Monday, September 25, 2023 Sep 25, 2023
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Denise Lee Is a Star of the Real Cabaret

She's one of the best performers in the country. With her clothes on.
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Denise Lee from Dallas cabaret
Billy Surface
What exactly is cabaret? Is there usually a German emcee in drag and scantily clad showgirls? I tell people when they hashtag, hashtag “real Dallas cabaret,” because otherwise you’ll get something you’re not ready for. The tag line on my website is “Dear strip clubs, we’d like our name back. Love, Cabaret.” [laughs] The easiest way to put it is that if a Broadway performer and a lounge singer had a child, it would be cabaret.

How did you get started with it? I’ve always sung, but I never thought it would be anything that made a living for me. I remember years ago, when the original Star Search with Ed McMahon would go around to different cities and hold auditions, I went in and auditioned as an actress. People laugh when I tell them that. But at that point in my life, I didn’t think my singing was good enough to get a spot.

Your career as an actress isn’t too shabby. You’ve appeared in everything from Friday Night Lights to Prison Break. What was your favorite role? A couple of years ago, I did an episode of Queen of the South. And it was great because there was no makeup. I got to shoot people. I threw a knife and stabbed a guy. I got to be pretty badass, so that was pretty cool.

Your résumé also lists your special skills as badminton, pool, roller-skating, and Double Dutch. Which of these do you think you could hustle the most money with? [laughs] Look here, if I could Double Dutch anymore, they’d better pay me a lot. I used to love that. That was one of the biggest disappointments as an 11-year-old moving to Dallas from St. Louis. Nobody jumped Double Dutch.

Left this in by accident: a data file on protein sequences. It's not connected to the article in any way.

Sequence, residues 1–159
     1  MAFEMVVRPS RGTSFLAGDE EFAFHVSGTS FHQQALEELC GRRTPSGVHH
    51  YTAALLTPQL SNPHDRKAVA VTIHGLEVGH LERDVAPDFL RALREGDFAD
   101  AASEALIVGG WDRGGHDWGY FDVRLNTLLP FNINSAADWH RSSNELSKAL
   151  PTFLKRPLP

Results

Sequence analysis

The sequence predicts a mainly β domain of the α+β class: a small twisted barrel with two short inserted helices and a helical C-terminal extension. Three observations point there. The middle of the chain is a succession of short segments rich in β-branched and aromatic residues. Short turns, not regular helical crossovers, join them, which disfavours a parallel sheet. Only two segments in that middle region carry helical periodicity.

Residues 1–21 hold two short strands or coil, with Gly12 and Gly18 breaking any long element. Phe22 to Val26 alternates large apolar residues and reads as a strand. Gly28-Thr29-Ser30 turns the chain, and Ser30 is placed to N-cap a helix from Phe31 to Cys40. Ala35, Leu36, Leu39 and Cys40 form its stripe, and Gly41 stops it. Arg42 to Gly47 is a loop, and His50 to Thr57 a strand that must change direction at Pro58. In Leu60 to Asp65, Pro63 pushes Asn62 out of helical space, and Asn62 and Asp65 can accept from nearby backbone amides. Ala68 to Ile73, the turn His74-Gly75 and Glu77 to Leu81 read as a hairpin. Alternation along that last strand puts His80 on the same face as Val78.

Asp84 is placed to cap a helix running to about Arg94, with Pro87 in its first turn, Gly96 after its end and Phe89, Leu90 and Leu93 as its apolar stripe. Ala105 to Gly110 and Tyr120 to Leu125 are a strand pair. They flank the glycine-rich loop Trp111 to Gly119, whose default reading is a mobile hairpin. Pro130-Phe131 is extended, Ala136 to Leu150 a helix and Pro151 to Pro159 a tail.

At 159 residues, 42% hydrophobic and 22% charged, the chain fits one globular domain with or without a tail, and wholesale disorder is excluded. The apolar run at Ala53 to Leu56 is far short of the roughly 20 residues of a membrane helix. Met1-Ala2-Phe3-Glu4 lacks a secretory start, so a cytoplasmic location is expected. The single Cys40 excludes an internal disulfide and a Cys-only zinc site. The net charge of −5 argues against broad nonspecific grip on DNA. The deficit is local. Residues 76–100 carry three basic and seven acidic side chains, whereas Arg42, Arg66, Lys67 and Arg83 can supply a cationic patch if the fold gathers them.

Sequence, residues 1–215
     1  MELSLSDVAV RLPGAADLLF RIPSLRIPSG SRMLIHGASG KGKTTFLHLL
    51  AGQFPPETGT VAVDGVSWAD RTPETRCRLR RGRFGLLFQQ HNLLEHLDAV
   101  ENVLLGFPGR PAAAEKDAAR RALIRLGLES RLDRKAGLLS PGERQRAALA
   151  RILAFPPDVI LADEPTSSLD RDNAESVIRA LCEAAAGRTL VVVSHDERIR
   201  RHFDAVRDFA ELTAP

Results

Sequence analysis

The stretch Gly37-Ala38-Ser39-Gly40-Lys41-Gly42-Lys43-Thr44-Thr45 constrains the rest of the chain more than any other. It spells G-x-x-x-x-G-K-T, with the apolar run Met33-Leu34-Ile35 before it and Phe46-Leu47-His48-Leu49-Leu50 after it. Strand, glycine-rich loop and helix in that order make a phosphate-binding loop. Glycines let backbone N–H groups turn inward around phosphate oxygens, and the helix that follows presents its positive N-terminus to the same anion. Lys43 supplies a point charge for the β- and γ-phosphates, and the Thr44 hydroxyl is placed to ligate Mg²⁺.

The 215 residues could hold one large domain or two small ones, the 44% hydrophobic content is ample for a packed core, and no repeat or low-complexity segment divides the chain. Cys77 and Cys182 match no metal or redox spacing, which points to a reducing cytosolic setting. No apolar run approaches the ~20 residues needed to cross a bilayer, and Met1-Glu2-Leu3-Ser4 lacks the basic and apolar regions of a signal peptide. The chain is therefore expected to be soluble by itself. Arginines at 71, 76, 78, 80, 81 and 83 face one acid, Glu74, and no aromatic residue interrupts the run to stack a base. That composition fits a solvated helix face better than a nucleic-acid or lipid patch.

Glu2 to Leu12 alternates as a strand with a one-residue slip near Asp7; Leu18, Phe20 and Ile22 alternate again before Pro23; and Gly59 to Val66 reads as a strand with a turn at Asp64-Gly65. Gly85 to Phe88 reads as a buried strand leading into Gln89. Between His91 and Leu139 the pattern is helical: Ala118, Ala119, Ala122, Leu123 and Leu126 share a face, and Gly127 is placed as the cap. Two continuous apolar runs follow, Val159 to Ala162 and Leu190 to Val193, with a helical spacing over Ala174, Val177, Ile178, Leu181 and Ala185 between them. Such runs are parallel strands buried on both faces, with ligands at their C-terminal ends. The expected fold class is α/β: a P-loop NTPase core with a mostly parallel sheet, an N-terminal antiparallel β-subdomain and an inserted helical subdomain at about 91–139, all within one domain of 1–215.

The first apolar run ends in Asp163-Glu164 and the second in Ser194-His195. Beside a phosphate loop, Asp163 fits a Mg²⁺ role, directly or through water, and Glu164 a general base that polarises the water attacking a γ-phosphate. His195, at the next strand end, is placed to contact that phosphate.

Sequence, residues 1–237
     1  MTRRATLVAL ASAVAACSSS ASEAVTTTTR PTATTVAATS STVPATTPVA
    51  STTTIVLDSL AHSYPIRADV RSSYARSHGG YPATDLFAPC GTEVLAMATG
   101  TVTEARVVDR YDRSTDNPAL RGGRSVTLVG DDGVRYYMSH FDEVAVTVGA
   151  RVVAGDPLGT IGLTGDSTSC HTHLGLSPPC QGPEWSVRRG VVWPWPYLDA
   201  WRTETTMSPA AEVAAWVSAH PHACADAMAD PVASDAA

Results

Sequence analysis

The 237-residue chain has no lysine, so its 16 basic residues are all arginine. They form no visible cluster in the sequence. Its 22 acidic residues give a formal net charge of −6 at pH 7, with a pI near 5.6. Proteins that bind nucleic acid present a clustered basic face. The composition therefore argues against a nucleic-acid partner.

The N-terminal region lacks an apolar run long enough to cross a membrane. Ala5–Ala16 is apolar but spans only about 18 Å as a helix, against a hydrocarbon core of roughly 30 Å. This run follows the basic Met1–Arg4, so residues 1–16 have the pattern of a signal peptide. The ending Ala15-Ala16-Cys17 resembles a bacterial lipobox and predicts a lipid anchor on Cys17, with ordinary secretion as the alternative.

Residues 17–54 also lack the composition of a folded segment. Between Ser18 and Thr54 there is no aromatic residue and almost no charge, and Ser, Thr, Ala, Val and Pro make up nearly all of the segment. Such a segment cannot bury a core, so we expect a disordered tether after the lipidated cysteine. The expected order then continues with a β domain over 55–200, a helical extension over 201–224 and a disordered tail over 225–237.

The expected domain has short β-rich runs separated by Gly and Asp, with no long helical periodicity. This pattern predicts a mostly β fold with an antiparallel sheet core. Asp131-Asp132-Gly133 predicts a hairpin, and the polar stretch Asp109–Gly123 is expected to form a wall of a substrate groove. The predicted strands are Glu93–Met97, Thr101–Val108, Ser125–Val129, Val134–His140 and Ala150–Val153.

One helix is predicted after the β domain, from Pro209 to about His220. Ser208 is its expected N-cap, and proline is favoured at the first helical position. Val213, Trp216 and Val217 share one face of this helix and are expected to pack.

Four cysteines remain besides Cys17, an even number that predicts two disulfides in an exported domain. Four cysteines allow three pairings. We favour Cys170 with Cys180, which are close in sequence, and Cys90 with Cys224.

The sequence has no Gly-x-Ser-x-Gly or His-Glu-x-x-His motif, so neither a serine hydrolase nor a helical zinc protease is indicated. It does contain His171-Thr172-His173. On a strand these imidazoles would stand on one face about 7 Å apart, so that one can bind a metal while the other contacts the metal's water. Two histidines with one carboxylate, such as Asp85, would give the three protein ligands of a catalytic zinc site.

Tell me about the Dallas Cabaret Festival. That happens at the end of August? Yes, the 22nd, 23rd, and 24th. I wanted to do a festival, which would be three days of New York-style cabaret. It’s the fourth season. We were at The Women’s Building in Fair Park for the first two years. Now we’re at the Bath House Cultural Center. We’re solidifying our headliner now.

And it looks like you’ll cap off the festival with the Hero of Hope Award from the Cathedral of Hope at a gala on August 24, right? I am so honored by that. It has a lot to do with my work with my organization, Change the Perception. We bring people together to talk about really important, hard topics that they don’t talk about in public. That’s one of the things I hope to do with my music as well. People come in to hear music; they don’t care who they sit next to. They don’t care what color the person is or whether they speak the same language.

Do you think supper clubs will make a comeback? I would love that more than anything. I started to put it out on social media to say, “Hey, anybody want to invest in a supper club? I’ll run it.” A lot of places are starting to use the name again, but they’re not necessarily true, in my opinion, to the art form. It’s not just about doing a set of music and calling it cabaret. It’s about the intimacy and the storytelling. It’s as if people came into your living room and you were entertaining them.

OK, final question. I have to ask: is life a cabaret? [laughs] All day, every day, old chum.

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